Soto ZenKokubunji Temple

  • Emperor Shomu’s Wish for a Land of Peace

    Visiting Kokubunji Temple, you may believe for a moment that you are in Nara, which became the first major capital city of Japan in the eighth century. The atmosphere here is so similar to that of Asukadera, one of the oldest temples in the country, that you might think you have found a Nara by the sea.

    Those who are well versed in Japanese history may recognize the name “Kokubunji.” In 741, Emperor Shomu (701–756) ordered the construction of a government-sponsored temple (kokubunsoji) and nunnery (kokubunniji) in each province for the purposes of spreading Buddhism and praying for the protection of the country. Nearly 50 temples named Kokubunji remain across Japan, and most of them are designated National Historic Sites.
    • Kokubunji Temple seen from the front
  • A Great Buddha Protected by the Townspeople, Young and Old

    The kokubunsoji temple in Obama is also known as Wakasa Kokubunji. Though its history goes back much farther, the current main hall, the Shakado, was rebuilt in 1705. As you enter this simple yet commanding hall, you will find yourself before a striking wooden statue of Shakyamuni Buddha. The statue depicts the historical Buddha in a seated position and is also known as Shaka Joroku (“the Five-Meter Buddha”) in reference to the Buddha’s height if he were standing.

    This statue is an example of yosegi-zukuri, a technique in which blocks of wood are first carved separately and then joined together to complete the sculpture. The left hand of the Buddha makes the mudra (symbolic gesture) of dispelling fear, with the palm facing forward and the fingers extended. The right hand is held in the mudra of blessing, with the palm facing upward, showing that the Buddha is willing to fulfill people’s wishes. These two gestures often appear together and are characteristic of Shakyamuni Buddha statues.

    Seven smaller Buddhist images called kebutsu are attached to the halo behind the statue. If you look closely, you will see that each one is making a different mudra. The kebutsu are said to represent various manifestations of Shakyamuni Buddha, appearing in different forms to save all sentient beings. Similar kebutsu can be seen on the halo of the Great Buddha of Todaiji Temple in Nara.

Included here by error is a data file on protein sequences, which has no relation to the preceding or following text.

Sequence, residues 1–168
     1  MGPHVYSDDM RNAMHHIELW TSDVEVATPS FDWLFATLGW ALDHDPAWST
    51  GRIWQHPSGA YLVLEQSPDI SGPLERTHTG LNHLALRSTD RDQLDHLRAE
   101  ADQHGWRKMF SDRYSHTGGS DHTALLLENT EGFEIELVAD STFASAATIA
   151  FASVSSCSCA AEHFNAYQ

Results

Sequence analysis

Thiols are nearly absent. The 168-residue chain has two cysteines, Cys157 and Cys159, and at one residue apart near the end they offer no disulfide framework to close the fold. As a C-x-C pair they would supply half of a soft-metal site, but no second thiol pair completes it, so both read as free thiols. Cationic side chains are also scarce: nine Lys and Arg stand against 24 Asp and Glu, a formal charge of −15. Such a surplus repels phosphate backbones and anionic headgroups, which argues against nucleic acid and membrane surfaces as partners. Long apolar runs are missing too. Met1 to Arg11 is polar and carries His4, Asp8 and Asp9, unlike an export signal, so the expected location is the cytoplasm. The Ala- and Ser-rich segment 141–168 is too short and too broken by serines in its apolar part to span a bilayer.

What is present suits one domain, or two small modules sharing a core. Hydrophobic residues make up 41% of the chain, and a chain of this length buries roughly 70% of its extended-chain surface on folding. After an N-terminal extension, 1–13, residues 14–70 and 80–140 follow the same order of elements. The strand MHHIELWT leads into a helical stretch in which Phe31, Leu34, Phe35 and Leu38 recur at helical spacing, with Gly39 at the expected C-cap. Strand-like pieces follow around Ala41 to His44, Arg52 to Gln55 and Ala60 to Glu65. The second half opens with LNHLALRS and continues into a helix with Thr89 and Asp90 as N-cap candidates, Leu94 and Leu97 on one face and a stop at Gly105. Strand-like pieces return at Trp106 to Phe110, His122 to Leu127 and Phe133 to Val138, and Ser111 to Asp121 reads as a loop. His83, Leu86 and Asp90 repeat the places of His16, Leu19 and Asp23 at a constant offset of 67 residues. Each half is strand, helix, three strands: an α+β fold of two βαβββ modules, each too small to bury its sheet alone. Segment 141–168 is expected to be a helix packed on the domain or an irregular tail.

One of the reasons the statue of Shakyamuni Buddha at Kokubunji is held in such high esteem lies in its closeness to the hearts of the townspeople who worship it. The main hall is a favorite playground for the children, and the chief abbot himself played beside the statue when he was a boy. A local children’s organization dedicated to caring for cultural properties carries out various activities at the temple, including cleaning, to foster a spirit of protection and respect for the space where the Buddha resides.
    • The 3-meter-high seated statue of Shakyamuni Nyorai (Shakyamuni Buddha)
    • “Kebutsu" (incarnations of Buddha) surrounding the Shakyamuni Buddha
  • A Simple Yet Imposing Statue of Yakushi Buddha

    A seated statue of Yakushi Buddha (the deity of medicine and healing) from the Kamakura period (1192–1333) is enshrined in the Yakushido Hall to the left of the Shakado. This elegant, minimalist statue exudes a subtle power that allows you to focus on the beauty of its well-balanced proportions and flowing lines without the distraction of extra ornamentation.

    On either side of Yakushi Buddha are two other seated statues, also carved in the Kamakura period: Shakyamuni Buddha on the left and Amida Buddha (the Buddha of Immeasurable Light and Life) on the right. Both statues are quite impressive, and it is theorized that they may have been principal objects of worship at other temples before being moved to Kokubunji. During the period of anti-Buddhist sentiment in the Meiji era (1868–1912) known as haibutsu kishaku (“abolish Buddhism, destroy Shakyamuni”), many temples in Obama protected their statues by relocating them. It is due to the effort of the people that these precious sculptures have been preserved to be passed on to future generations.
    • “Yakushi Hall" on the left side of Shakyamuni Hall
    • Seated Yakushi Nyorai from the Kamakura period (1185-1333)
  • Historic Relics: Ancient Temple Ruins and a Large Burial Mound

    On the outskirts of the current temple grounds is the excavated site of the original Wakasa Kokubunji Temple. Ruins such as foundation stones and stairs show where the former Nandaimon Gate, Chumon Gate, Kondo (Main Hall), and Kodo (Lecture Hall) were built. The location of the temple, surrounded by the Kita, Onyu, and Matsunaga Rivers, also suggests that it was considered a very important place. The remains of the original Kokubunji Temple are a designated National Historic Site.

    The small Wakasahime Jinja Shrine adjacent to the ruins is built atop an ancient burial mound (kofun) that was originally constructed in the sixth century. With a diameter of about 50 meters, it is quite large for a round tumulus. Throughout Japan, there are very few examples of a kokubunji temple located beside a burial mound in this way. Why was Wakasahime Shrine founded here? Why is there a kofun so close to the temple? Exploring the site provides plenty of mysteries to muse upon.

    Walking along the perimeter of the Shakado Hall, you will come upon a small pond filled with lotuses that bloom in summer. The sight of these gorgeous flowers, long associated with Buddhism and representing purity, will make you feel as if you have entered the world of the Buddha. Even after you have left the statues behind, the connection with history will linger.
    • Kokubunji Temple seen from a field of lotuses


Name Kokubunji Temple
Phone number 0770-56-2519
Opening hours 9:00-17:00
Entrance Fee 400yen
Parking lot 20 spaces